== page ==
U.S. Steel lays off roughly 50 in Ecorse, plans more cuts

    The manufacturer U.S. Steel has laid off almost 50 employees at its Great Lakes Works Facility in Ecorse, according to a letter they sent earlier this month to the state’s Workforce Development Agency.

    In the letter, the company’s director of employee relations, Mark Tade, notes has temporarily idled one of its furnaces “due to current market conditions and recent reductions in customer demand for the plant’s products.” 

    Tade also writes that the company is likely to lay off “less than 200” employees in September, and that the layoffs may last more than six months.

    At an appearance in Detroit yesterday, Vice President Mike Pence touted President Donald Trump’s economic agenda, saying, “Despite the irresponsible rhetoric of many in the mainstream media, the American economy is strong and the U.S. economic outlook remains strong, as well.”

    In Detroit, Pence touts Trump admin. economic gains as recession fears rise

    The Trump administration has repeatedly promised to revive the Midwest’s economic base of heavy manufacturing. Bloomberg reported in July, however, that its regime of steel tariffs has cost U.S. Steel almost $6 billion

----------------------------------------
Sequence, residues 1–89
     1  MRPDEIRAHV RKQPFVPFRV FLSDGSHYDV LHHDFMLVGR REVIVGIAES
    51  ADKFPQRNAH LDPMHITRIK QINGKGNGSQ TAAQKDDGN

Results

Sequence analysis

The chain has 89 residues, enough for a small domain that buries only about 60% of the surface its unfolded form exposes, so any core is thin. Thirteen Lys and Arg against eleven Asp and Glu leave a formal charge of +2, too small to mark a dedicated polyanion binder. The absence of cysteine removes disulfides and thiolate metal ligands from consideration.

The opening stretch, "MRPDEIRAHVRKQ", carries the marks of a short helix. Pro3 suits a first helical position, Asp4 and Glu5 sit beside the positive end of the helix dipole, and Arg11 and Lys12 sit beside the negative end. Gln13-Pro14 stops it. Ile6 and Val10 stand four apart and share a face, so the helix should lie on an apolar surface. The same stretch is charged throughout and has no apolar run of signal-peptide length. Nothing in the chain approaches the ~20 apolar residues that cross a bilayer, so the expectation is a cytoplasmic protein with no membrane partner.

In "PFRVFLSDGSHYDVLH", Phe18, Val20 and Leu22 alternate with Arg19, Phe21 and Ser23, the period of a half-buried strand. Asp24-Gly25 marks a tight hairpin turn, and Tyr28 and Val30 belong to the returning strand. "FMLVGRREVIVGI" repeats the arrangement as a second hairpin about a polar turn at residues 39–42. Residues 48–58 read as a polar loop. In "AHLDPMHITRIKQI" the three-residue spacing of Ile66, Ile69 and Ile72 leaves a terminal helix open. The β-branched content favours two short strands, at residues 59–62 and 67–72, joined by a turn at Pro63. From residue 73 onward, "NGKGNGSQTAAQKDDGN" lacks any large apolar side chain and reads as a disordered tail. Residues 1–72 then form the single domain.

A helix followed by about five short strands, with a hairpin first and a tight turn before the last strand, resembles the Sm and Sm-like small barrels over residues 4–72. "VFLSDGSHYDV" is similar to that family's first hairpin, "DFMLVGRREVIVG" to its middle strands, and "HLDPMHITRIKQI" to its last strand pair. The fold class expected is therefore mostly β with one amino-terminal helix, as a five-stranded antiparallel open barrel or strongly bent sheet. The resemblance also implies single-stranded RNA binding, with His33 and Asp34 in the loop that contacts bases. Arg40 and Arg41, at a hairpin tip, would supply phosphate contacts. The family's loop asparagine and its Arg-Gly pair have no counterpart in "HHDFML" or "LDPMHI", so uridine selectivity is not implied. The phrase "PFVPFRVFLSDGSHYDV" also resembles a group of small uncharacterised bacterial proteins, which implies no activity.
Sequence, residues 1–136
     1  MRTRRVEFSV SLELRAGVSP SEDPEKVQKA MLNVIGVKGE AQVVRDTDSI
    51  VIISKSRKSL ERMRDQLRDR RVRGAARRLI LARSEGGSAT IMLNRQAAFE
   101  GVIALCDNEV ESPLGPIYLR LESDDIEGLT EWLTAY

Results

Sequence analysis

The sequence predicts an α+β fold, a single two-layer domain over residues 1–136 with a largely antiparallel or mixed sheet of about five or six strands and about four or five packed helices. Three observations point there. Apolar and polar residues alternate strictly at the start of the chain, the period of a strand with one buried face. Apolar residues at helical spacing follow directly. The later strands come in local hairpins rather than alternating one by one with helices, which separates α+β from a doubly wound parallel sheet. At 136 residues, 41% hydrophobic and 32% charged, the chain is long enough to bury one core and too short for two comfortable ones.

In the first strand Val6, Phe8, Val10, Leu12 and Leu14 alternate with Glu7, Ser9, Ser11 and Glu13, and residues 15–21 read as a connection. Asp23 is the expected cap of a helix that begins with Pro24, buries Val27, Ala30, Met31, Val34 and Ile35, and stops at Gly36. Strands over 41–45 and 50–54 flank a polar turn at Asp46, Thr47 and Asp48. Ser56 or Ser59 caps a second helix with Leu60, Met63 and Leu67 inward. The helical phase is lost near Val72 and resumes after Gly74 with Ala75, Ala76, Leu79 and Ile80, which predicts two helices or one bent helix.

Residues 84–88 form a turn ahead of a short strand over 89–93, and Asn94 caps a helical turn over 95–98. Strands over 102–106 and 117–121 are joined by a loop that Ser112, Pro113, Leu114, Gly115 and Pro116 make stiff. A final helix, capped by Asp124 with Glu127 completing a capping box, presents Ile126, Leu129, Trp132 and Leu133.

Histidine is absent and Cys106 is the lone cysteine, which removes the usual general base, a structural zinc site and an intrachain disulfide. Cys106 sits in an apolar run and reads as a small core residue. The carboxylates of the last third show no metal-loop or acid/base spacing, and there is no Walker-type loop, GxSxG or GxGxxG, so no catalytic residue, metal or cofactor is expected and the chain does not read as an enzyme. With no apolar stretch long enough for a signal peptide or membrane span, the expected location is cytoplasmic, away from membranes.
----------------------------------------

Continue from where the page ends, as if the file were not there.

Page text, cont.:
The tariffs have hurt legacy companies like U.S. Steel that use older manufacturing equipment, to the benefit of companies that use newer furnaces.

    Gov. Gretchen Whitmer, a Democrat, has been critical of the Trump administration’s tariffs, citing the impact on Michigan.

    Whitmer: Trump may not understand ‘gravity’ of tariff damage to Michigan

    Bank of America analyst Tinna Tanners told Bloomberg that “less efficient capacity should go away, but there is no guarantee that it permanently goes away. … It probably doesn’t go down without a fight.”

    In a recent quarterly press release, the company’s president and CEO, David Burritt, said, “Our execution in the second quarter was strong despite challenging market conditions.”

    Derek Robertson
    Derek Robertson is a former reporter for the Advance. Previously, he wrote for Politico Magazine in Washington. He is a Genesee County native and graduate of both Wayne State University, where he studied history, and the Medill School of Journalism at Northwestern University.


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